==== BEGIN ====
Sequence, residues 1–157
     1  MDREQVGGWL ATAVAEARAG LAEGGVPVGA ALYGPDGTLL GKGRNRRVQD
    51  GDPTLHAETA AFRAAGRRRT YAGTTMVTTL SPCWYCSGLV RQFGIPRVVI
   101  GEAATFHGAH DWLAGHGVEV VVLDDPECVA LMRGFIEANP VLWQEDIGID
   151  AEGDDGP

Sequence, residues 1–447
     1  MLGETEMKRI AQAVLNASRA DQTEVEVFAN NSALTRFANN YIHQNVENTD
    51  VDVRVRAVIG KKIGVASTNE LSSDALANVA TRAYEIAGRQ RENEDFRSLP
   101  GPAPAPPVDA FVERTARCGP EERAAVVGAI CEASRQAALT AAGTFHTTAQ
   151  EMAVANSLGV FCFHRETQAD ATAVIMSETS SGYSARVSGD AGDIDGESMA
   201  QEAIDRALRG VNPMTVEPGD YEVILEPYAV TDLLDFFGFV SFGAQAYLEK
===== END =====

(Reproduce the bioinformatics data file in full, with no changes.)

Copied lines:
Sequence, residues 1–157
     1  MDREQVGGWL ATAVAEARAG LAEGGVPVGA ALYGPDGTLL GKGRNRRVQD
    51  GDPTLHAETA AFRAAGRRRT YAGTTMVTTL SPCWYCSGLV RQFGIPRVVI
   101  GEAATFHGAH DWLAGHGVEV VVLDDPECVA LMRGFIEANP VLWQEDIGID
   151  AEGDDGP

Sequence, residues 1–447
     1  MLGETEMKRI AQAVLNASRA DQTEVEVFAN NSALTRFANN YIHQNVENTD
    51  VDVRVRAVIG KKIGVASTNE LSSDALANVA TRAYEIAGRQ RENEDFRSLP
   101  GPAPAPPVDA FVERTARCGP EERAAVVGAI CEASRQAALT AAGTFHTTAQ
   151  EMAVANSLGV FCFHRETQAD ATAVIMSETS SGYSARVSGD AGDIDGESMA
   201  QEAIDRALRG VNPMTVEPGD YEVILEPYAV TDLLDFFGFV SFGAQAYLEK